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Offender program changes ordered Sentencing unit supervises criminals in community setting


Maryland's top prison official ordered yesterday immediate improvement in an unusual Baltimore court program that supervises criminals in the community, after a newspaper report showed some offenders were remaining in the program even after being charged with new crimes.

The 8-year-old program, called the Alternative Sentencing Unit, is to be "a last-chance ranch," in the words of one judge, before a criminal goes to prison. Its ranks include child abusers, robbers and a handful of killers along with nonviolent drug addicts and thieves who are sentenced to unusually strict probation, often accompanied by mandatory drug treatment.

Bishop L. Robinson, secretary of the Department of Public Safety and Correctional Services, which pays for the program, ,, said yesterday he had ordered the unit to notify judges who sentence offenders to it of any new charges those offenders face while in the community. That's more information than the judges were getting under the program's old policies, which did not require them to be told of nonviolent misdemeanor arrests before conviction.

"We have experienced some difficulties" with the program, Robinson told legislators yesterday at a House subcommittee budget hearing in Annapolis. "We have now moved very swiftly to make sure all judges who sentence people to the Alternative Sentencing Unit are notified of any arrests in writing."

While telling legislators the unit is a "good program" that should be continued, Robinson said his action was only his first step in improving it. He ordered the unit audited by his inspector general in the face of questions about management. That audit should be finished in about a week, he said.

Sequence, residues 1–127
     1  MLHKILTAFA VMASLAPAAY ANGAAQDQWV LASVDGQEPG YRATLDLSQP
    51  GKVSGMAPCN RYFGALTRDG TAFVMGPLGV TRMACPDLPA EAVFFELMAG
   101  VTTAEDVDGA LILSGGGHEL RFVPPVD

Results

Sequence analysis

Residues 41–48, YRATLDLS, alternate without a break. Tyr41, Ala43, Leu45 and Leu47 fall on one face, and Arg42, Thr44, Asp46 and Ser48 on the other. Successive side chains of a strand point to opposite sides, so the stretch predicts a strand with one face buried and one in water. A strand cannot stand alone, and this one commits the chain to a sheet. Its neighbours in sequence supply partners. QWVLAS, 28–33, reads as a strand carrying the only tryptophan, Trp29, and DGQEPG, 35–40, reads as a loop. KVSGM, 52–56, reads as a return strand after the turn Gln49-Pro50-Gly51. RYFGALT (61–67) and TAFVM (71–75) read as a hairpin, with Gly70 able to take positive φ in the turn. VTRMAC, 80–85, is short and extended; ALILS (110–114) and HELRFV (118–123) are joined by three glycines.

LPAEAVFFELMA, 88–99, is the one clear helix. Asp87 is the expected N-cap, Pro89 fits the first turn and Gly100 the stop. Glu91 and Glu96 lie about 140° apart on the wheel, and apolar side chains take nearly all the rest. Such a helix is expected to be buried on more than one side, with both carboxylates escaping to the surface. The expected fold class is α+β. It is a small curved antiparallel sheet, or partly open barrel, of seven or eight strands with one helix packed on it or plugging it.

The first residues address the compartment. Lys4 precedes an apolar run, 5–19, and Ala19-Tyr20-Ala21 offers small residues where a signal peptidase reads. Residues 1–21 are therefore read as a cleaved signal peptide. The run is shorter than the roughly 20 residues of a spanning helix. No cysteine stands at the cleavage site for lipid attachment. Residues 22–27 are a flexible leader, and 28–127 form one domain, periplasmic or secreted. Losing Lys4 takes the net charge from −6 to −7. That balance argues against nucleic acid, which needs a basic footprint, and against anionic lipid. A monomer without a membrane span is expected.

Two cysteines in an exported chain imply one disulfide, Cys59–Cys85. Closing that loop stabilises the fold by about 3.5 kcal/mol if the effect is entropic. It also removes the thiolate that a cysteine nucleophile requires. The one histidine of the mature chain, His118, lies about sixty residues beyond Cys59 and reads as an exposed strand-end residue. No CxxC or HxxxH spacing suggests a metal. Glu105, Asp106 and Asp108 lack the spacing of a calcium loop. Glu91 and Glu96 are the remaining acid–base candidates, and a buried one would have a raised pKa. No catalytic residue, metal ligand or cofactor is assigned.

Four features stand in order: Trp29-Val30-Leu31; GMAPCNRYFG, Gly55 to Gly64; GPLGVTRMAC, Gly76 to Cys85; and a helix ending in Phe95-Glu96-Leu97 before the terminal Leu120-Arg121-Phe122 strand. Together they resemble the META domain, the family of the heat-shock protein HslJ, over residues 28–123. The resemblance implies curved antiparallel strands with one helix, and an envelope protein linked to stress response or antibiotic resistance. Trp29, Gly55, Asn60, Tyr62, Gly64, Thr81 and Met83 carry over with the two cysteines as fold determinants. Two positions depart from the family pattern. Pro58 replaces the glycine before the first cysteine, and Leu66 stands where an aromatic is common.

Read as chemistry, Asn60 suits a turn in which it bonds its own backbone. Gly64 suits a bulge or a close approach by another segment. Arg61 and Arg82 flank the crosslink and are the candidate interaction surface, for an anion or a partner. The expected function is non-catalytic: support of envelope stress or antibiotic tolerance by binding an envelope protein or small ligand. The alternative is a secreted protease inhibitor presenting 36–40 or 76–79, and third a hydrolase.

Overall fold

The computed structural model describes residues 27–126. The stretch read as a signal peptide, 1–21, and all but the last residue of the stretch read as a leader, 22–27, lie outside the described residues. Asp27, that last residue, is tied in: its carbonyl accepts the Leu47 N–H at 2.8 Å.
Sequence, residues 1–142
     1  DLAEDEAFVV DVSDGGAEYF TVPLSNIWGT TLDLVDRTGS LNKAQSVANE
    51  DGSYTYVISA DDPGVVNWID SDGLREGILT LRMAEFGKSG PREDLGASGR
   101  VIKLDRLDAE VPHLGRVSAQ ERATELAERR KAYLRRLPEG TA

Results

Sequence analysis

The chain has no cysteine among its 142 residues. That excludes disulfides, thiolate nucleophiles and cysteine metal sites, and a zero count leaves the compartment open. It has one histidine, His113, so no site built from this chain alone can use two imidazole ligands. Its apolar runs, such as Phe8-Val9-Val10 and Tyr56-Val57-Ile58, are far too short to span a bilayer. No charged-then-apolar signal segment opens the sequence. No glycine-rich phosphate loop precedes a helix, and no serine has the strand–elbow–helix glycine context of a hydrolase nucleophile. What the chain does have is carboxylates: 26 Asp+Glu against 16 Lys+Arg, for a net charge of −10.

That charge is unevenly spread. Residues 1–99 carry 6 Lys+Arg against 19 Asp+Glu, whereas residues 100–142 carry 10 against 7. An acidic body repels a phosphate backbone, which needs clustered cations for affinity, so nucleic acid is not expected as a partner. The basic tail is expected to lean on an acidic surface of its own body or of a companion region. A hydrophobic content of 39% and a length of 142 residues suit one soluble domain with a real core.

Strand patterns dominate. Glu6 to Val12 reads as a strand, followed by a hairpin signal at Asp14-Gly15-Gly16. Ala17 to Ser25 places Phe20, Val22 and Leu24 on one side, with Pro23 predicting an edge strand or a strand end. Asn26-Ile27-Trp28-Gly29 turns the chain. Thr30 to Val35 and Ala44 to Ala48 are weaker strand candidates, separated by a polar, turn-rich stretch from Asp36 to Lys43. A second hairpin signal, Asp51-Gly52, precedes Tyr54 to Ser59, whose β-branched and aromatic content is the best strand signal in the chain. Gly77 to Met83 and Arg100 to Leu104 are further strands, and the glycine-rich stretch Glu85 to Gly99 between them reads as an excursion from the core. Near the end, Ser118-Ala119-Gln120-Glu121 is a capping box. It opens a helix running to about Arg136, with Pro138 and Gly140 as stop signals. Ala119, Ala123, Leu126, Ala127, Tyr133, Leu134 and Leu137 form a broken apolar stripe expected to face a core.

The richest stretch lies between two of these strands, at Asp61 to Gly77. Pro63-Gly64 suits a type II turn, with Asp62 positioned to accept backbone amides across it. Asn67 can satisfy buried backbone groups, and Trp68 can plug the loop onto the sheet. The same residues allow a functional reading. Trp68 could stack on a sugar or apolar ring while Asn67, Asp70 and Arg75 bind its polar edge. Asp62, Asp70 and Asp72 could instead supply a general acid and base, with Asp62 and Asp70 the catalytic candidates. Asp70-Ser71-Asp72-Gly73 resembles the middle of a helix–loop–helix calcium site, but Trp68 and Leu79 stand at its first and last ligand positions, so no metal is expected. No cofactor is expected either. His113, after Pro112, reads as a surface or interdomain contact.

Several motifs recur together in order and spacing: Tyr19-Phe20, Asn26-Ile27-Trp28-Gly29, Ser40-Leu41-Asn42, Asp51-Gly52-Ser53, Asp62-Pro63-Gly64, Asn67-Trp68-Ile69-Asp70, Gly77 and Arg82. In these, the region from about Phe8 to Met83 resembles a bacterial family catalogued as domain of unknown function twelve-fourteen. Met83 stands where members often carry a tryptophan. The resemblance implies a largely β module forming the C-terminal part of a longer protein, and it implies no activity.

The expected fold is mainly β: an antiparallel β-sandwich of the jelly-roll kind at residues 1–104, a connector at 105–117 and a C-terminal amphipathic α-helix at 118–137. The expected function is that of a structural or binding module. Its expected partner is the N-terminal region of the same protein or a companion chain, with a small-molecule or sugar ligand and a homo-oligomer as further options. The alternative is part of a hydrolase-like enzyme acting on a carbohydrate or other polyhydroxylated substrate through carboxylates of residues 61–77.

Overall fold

Del. Peter Franchot, a Montgomery County Democrat who is chairman of the subcommittee that reviews Robinson's budget, said he eagerly awaits the report. He said he also wanted to see more precise criteria on who can be sentenced to the program.

"We expect to have this entire program scrutinized and tightened because of concern about lack of oversight," Franchot said.

The new procedures were outlined in a letter to Alternative Sentencing Unit administrator Thomas E. Kirk from his boss, LaMont W. Flanagan, commissioner of pretrial detention and services.

"The documentation of client activity, especially that which impacts upon public safety, is essential to the integrity of ASU operations," Flanagan wrote.

The Sun examined the cases of all 152 people in the program as of late January and found that 18 percent -- 27 -- had been arrested for new crimes after being sentenced to the unit, some more than once. Judges who commit the offenders to the program have not always been told of new arrests, information that might lead them to put the offenders in prison.

In a few cases, Kirk said, the judges were not told of new charges when they should have been. In a number of others, while no report of the new arrest was in the court file, the judge or a member of his staff was told verbally, Kirk said.

Judges who use the program expressed confidence in it, saying they generally were satisfied with notification procedures. But Robinson said he thought providing extra information about the unit's participants was essential.

"The judge needs to know the events which take place by people in the community under supervision," the secretary said. "I think it's important for them to know. Whether it then warrants any action is something else."

Pub Date: 2/21/97

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